|The Proud Family||Debra (voice)||"Ain't Nothing Like the Real Thingy, Baby" (Season 2, Episode 3)|
|2003||Boomtown||Detective Katherine Pierce||"The Love of Money" (Season 2, Episode 1)
"Inadmissible" (Season 2, Episode 2)
"Wannabe" (Season 2, Episode 3)
"The Hole-in-the-Wall Gang" (Season 2, Episode 4)
"Haystack" (Season 2, Episode 5)
"The Big Picture" 9 (Season 2, Episode 6)
|2006||South Beach||Elizabeth Bauer||Series Regular, 8 episodes|
|2006–10||Ugly Betty||Wilhelmina Slater||Series Regular, 85 episodes
NAACP Image Award for Outstanding Supporting Actress in a Comedy Series (2007, 2008)
Satellite Award for Best Supporting Actress – Series, Miniseries or Television Film (2007)
Teen Choice Award for Choice TV Villain
Nominated – Primetime Emmy Award for Outstanding Supporting Actress in a Comedy Series (2007, 2008, 2009)
Nominated – Satellite Award for Best Supporting Actress – Series, Miniseries or Television Film (2006, 2009)
Nominated – Teen Choice Award for Choice TV Villain
Nominated – Screen Actors Guild Award for Outstanding Performance by a Female Actor in a Comedy Series (2007)
|2007–08||Mama Mirabelle's Home Movies||Mama Mirabelle||Animated; Voice; 23 episodes|
|2010–12||Desperate Housewives||Renee Perry||Main Role, Series Regular (Seasons 7–8); 46 episodes
Satellite Award for Best Supporting Actress – Series, Miniseries or Television Film (2011)
|2012–13||666 Park Avenue||Olivia Doran||Series Regular|
|2012||Phineas and Ferb||Stewardess||Animated; voice; Where's Perry (Part 1)|
|2014||The Haunting of...||Herself||Episode: "Vanessa Williams" (Lifetime Movie Network)|
|2014||The Trip to Bountiful||Jessie Mae Watts||TV movie based on the 2013 Broadway Revival|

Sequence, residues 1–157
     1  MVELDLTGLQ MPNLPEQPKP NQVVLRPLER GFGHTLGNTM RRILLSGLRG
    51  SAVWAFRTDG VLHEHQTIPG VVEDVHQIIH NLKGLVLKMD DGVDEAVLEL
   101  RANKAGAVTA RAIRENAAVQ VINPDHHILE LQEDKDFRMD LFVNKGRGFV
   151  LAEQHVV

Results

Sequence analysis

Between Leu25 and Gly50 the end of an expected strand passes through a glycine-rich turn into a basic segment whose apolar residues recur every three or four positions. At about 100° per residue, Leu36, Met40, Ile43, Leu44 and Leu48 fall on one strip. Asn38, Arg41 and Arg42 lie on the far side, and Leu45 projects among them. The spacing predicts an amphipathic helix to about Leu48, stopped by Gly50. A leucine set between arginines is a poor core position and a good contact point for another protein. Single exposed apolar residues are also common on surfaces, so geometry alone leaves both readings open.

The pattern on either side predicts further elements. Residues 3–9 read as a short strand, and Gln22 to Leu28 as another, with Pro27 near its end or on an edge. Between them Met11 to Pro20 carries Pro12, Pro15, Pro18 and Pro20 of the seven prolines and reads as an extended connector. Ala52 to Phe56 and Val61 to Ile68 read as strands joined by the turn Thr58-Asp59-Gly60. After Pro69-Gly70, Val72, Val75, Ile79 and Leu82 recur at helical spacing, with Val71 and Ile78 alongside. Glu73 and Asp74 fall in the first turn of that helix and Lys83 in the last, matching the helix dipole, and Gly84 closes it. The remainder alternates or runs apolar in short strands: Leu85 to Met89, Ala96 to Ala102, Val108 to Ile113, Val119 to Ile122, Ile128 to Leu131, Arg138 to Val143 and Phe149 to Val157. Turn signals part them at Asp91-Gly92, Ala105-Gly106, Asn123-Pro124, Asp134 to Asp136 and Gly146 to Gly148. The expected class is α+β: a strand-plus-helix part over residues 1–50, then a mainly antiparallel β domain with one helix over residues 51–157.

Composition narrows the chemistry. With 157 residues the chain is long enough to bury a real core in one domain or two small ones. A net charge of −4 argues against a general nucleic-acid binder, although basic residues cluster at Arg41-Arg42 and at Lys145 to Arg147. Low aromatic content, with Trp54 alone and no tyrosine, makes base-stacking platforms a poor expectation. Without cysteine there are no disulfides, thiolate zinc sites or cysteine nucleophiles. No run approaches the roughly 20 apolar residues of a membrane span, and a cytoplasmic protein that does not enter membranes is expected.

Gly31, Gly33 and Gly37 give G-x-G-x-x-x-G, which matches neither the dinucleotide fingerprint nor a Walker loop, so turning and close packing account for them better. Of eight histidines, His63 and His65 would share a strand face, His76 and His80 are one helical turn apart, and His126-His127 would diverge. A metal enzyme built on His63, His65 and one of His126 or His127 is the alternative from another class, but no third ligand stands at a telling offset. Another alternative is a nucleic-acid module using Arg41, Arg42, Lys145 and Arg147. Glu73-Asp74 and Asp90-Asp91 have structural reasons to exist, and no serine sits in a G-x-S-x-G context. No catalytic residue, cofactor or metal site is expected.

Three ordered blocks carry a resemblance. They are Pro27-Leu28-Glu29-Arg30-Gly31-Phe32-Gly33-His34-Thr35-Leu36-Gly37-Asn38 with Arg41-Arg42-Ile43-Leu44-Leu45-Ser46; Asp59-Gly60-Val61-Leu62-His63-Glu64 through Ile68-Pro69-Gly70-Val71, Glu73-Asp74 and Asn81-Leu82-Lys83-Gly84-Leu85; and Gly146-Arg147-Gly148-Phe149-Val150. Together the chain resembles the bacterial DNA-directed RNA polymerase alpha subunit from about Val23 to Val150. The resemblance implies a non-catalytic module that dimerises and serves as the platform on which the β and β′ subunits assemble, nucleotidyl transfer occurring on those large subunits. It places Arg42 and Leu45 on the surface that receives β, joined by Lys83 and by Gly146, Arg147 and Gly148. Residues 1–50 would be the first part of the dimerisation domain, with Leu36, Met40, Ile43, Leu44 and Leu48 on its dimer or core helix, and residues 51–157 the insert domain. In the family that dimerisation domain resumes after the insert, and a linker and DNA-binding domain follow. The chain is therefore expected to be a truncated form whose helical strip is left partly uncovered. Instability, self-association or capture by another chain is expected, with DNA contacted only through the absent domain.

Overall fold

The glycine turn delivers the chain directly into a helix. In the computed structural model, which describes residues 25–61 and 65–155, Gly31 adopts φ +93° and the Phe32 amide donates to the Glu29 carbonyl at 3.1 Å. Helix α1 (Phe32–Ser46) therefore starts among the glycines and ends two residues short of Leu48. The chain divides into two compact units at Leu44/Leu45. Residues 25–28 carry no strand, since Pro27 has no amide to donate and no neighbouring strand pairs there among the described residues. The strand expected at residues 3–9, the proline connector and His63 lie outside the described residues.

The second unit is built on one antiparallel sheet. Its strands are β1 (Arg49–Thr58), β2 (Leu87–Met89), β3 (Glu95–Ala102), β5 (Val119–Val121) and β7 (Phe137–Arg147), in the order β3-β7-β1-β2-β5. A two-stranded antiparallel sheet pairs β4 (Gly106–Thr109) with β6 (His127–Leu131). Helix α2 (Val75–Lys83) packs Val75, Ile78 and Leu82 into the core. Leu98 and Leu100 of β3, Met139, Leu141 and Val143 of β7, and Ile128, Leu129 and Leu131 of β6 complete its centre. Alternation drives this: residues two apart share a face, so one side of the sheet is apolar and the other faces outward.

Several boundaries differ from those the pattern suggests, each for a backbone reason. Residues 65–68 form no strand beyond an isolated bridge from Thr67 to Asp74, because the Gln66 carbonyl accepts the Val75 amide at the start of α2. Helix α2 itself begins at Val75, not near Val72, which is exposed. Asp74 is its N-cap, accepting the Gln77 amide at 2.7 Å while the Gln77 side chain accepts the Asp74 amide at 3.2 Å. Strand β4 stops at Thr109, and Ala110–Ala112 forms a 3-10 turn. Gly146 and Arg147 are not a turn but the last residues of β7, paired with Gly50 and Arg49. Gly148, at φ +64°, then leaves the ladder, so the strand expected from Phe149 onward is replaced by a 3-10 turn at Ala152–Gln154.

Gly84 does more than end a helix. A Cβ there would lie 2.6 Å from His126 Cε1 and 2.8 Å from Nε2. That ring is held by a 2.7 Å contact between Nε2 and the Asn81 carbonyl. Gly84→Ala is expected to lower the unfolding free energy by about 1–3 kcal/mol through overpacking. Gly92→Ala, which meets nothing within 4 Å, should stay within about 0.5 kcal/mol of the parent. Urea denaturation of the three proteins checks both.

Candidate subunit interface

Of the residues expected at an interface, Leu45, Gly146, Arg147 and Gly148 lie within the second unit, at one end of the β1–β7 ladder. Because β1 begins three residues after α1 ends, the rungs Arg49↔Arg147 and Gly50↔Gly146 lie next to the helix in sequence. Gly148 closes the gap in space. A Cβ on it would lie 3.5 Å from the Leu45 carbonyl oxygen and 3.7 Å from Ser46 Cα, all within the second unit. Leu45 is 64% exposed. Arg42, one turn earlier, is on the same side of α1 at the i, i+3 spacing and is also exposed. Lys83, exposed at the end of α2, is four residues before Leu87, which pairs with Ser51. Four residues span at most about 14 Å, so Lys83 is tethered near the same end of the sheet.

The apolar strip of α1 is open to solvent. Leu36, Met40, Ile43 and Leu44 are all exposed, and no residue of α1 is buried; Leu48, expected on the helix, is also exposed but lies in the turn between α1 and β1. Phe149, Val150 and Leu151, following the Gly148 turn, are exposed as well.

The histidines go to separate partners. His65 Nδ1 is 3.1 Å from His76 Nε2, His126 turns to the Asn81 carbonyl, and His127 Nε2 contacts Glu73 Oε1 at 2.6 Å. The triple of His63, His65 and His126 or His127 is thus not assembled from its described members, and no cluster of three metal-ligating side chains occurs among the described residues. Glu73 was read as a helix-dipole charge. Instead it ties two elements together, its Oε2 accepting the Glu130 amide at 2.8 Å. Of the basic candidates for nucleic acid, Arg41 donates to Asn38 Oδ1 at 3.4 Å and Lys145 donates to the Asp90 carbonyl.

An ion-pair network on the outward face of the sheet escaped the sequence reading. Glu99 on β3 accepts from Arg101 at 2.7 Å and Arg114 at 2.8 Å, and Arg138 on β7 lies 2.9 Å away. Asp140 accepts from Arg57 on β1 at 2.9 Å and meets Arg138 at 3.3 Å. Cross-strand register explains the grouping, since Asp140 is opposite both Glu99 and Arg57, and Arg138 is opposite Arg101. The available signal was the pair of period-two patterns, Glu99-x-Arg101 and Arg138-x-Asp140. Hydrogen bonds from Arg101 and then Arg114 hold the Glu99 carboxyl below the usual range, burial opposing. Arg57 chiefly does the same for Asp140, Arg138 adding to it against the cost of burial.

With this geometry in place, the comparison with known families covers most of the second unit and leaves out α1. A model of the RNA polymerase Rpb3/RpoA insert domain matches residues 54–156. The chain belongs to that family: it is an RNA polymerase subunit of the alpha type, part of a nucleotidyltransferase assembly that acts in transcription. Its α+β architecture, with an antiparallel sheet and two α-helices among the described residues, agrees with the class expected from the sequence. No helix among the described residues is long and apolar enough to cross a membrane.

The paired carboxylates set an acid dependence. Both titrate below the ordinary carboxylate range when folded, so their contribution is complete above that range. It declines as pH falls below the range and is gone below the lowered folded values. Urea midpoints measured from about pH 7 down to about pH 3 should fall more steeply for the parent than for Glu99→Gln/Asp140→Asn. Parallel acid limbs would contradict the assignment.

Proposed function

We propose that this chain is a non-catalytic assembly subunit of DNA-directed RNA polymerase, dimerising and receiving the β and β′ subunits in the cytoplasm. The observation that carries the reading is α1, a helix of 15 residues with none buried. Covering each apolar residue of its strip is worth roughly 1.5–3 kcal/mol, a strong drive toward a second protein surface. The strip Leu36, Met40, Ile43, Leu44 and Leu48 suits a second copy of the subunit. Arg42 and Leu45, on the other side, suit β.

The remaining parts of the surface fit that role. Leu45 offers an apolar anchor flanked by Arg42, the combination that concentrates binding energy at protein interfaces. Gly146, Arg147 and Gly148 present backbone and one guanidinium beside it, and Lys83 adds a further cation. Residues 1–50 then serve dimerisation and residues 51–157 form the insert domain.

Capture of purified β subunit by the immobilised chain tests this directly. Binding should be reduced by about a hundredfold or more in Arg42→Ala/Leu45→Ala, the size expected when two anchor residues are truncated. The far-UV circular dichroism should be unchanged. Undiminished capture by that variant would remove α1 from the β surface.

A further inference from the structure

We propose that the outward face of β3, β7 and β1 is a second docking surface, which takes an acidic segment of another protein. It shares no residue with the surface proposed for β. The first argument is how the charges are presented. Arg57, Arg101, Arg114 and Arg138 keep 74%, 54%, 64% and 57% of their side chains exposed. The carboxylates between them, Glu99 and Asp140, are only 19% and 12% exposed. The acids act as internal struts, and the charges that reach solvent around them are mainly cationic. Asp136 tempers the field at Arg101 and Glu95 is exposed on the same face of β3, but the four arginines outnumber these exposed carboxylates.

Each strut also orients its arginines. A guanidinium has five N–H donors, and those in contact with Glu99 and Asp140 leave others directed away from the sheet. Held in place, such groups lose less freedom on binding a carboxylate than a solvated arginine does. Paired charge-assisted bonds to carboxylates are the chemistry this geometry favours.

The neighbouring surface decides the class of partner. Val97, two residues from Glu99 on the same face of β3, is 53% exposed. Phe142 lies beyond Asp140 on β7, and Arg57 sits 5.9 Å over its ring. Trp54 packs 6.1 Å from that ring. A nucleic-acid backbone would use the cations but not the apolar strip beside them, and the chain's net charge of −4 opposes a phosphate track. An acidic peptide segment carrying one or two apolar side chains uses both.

|2015||The Mindy Project||Dr. Suzanne Phillips||Series 3, Episode 17, Danny Castellano Is My Nutritionist|
|2015||Royal Pains||Olympia Houston||2 episodes|
|2015||Fantasy Life||Terry||TV movie (not yet released)|
|2015||The Good Wife||Courtney Paige||Season 7-Present|
|2016||Galaxy World of Alisa||Producer (voice)||American English dub, 2 episodes|
|1987||Pick-up Artist, TheThe Pick-up Artist||Rae, Girl with Dog|
|1988||Under the Gun||Samantha Richards|
|1991||Another You||Gloria||Gene Wilder and Richard Pryor's final film pairing.|
|Harley Davidson and the Marlboro Man||Lulu Daniels|
|1996||Eraser||Dr. Lee Cullen||Nominated — Blockbuster Entertainment Award|
|Soul Food (Feature Film)||Teri Joseph||Image Award
Nominated — American Black Film Festival Black Film Award
|1998||Dance with Me||Ruby Sinclair||Nominated — ALMA Award|
|1999||Adventures of Elmo in Grouchland, TheThe Adventures of Elmo in Grouchland||Queen of Trash|
|Light It Up||Detective Audrey McDonald||Nominated – Image Award|
|2000||Shaft||Carmen Vasquez||Nominated – Image Award|
|2004||Johnson Family Vacation||Dorothy Johnson||Nominated — BET Award for Comedy|
|2007||My Brother||L'Tisha Morton||Best Actress honors at the Harlem International Film Festival, the African-American Women in Cinema Film Festival and at the Santa Barbara African Heritage Film Festival|
|And Then Came Love||Julie Davidson|
|2009||Hannah Montana: The Movie||Vita (Hannah's Agent)|
|2011||Delhi Safari||Beggum the Leopard||voice: English version|
|2012||He's Way More Famous Than You||Vanessa Williams|
|2013||Temptation: Confessions of a Marriage Counselor||Janice|
Host or judge
|1994||The Essence Awards||Host|
|Carnegie Hall Salutes the Jazz Masters: Verve Records at 50||Host|
|1998||29th NAACP Image Awards||Host|
|2002||It's Black Entertainment||Host|
|2008||The 6th Annual TV Land Awards||Host|
|2009||The 36th Annual Daytime Emmy Awards||Host|
|Dreams Come True: A Celebration of Disney Animation||Host|
|2015||Miss America 2016||Head Judge|
|1985||One Man Band||One of "The Women"|